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and they convey no low or despicable image to the mind; but the coarfe and common words I was neceffitated to use in the following translation, viz. plough and fow, wheat, dung, afbes, horfe and cow, &c. will, I fear, unconquerably difguft many a delicate reader, if he doth not make proper allowances for a modern compared with an ancient language; and doth not frequently recollect,
verbis ea vincere magnum
So juft is the obfervation of Boileau, that a mean or common thought expreffed in pompous diction, generally pleases more than a new or noble fentiment delivered in low and vulgar language; because the number is greater of those whom custom has enabled to judge of words, than whom ftudy has qualified to examine things. In fhort, the Georgics are the highest flight of Virgil, and the master-pieces of his genius, excepting always the fourth book of the Æneid. Some of the tranfitions with which they are adorned, are the boldest and moft daring imaginable, and hold very much of the enthusiasm of the ancient lyrics; and I think one may venture to affirm, that this poem contains more original unborrowed beauties, and is more perfect in its kind as a Didactic, than the Æneid as an Epic poem. Of this laft work, give me leave to fay, that I have ever obferved, perfons of elevated and fublime imaginations are more captivated with the Iliad, and men of elegant and b 3 tender
tender minds with the Æneid. He that perufes Homer, is like the traveller that furveys mount Atlas; the vastnefs and roughness of its rocks, the folemn gloominefs of its pines and cedars, the everlasting fnows that cover its head, the torrents that rush down its fides, and the wild beafts that roar in its caverns, all contribute to strike the imagination with inexpreffible aftonishment and awe, While reading the Æneid is like beholding the Capitoline hill at Rome, on which tood many edifices of exquifite architecture, and whofe top was crowned with the famous temple of Jupiter, adorned with the fpoils of conquered Greece,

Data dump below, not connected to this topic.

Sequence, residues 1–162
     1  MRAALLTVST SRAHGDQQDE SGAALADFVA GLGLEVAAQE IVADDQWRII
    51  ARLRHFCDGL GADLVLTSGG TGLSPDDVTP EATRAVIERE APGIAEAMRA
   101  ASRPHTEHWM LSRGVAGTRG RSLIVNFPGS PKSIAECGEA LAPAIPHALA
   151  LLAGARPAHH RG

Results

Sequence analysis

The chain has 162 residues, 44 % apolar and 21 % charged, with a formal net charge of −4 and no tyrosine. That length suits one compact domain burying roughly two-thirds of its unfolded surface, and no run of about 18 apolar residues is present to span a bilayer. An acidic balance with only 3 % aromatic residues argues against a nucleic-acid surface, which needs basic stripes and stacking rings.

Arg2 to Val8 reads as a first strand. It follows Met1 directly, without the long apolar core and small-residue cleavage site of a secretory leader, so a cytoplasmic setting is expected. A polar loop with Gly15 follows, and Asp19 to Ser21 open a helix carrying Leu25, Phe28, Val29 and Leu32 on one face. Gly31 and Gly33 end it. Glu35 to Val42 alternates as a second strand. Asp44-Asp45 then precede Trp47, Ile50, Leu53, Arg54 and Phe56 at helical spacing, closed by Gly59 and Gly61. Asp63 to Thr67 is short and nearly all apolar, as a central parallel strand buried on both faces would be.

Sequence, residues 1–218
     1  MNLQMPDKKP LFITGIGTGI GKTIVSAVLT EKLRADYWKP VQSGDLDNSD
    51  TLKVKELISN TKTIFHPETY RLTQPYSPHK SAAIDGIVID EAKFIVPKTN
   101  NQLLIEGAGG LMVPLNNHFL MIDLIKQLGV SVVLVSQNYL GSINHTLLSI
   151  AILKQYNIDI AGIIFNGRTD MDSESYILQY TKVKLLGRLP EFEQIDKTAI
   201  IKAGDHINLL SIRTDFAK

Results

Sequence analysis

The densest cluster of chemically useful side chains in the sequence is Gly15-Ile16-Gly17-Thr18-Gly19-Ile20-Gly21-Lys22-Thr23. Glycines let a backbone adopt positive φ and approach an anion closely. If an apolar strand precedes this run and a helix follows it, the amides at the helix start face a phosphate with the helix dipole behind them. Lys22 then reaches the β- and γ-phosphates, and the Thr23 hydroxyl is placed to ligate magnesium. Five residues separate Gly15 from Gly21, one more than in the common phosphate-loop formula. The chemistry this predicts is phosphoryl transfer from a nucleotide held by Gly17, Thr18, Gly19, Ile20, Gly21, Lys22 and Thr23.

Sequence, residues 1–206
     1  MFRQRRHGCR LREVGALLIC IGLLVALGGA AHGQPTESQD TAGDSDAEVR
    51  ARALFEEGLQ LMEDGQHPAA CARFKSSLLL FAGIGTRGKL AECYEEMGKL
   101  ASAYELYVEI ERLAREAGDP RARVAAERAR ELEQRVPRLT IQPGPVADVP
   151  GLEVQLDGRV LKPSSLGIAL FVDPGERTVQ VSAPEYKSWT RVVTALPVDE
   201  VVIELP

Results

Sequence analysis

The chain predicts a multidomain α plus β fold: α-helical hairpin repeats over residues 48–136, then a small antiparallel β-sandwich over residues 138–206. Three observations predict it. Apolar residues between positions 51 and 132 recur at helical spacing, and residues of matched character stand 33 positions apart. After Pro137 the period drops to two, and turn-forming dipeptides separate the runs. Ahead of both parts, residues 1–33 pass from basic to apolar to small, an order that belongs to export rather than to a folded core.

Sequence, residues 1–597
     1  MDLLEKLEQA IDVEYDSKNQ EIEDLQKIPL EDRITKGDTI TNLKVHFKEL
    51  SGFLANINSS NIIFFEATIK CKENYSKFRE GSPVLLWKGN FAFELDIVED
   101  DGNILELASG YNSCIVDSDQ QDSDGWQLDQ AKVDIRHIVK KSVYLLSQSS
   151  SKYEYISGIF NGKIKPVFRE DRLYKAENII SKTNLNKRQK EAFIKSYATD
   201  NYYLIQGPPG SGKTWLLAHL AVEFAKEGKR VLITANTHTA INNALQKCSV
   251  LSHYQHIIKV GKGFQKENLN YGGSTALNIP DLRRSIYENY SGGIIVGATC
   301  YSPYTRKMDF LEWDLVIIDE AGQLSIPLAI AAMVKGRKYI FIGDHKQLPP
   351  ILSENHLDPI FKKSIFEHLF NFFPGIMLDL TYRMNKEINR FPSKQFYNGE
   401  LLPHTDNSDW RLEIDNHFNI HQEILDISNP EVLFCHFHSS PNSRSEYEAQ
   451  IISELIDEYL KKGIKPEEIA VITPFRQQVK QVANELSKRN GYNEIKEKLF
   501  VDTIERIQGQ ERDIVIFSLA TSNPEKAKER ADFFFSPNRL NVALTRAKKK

If the defign of the Æneid was to compliment Auguftus, and reconcile the Romans to the government of the Julian family; if, as Mr. Pope was used frequently to fay, it was evidently as much a party-piece, as Abfalom and Achitophel; you, Sir, are too warm a lover of liberty and the virtue of ancient Rome, not to cenfure the poet as an abject flatterer; unless you will allow the validity of the ufual excufe for his conduct; that as the commonwealth maxims were no longer practicable, and a change in the government was unavoidable, after the laft ftruggle for liberty at Philippi had ended fo unfortunately, and even the virtuous Meffalla had thought it no fhame to fubmit to the conqueror, Virgil believed it would be the beft fervice he could then do his countrymen, to endeavour to foften their minds towards fo mild and gentle a
mafter as Auguftus, out of whofe hands it was impoffible for them to extort the power he had ufurped. And that fome change in the conftitution of Rome was abfolutely neceffary, feems to be the opinion of that admirable writer and penetrating politician, the prefident Montefquieu: It must be acknowledged, fays he, that the Roman laws were too weak to govern the republic, when it was arrived at its height: experience has proved it to be an invariable fact, that good and juft laws, which raise the reputation and power of a small republic, become improper and ufelefs to it, when once its grandeur is established, because it was the natural effect of fuch laws to make a people great, but not to govern them when made fo. He adds afterwards with his ufual pregnant brevity, Take this compendium of the Roman history: they subdued all the nations by their maxims; but when they had fo far fucceeded, their republic could not fubfift any longer: the plan of their government must be changed, and maxims contrary to the first, being then introduced, they were divested of all their grandeur.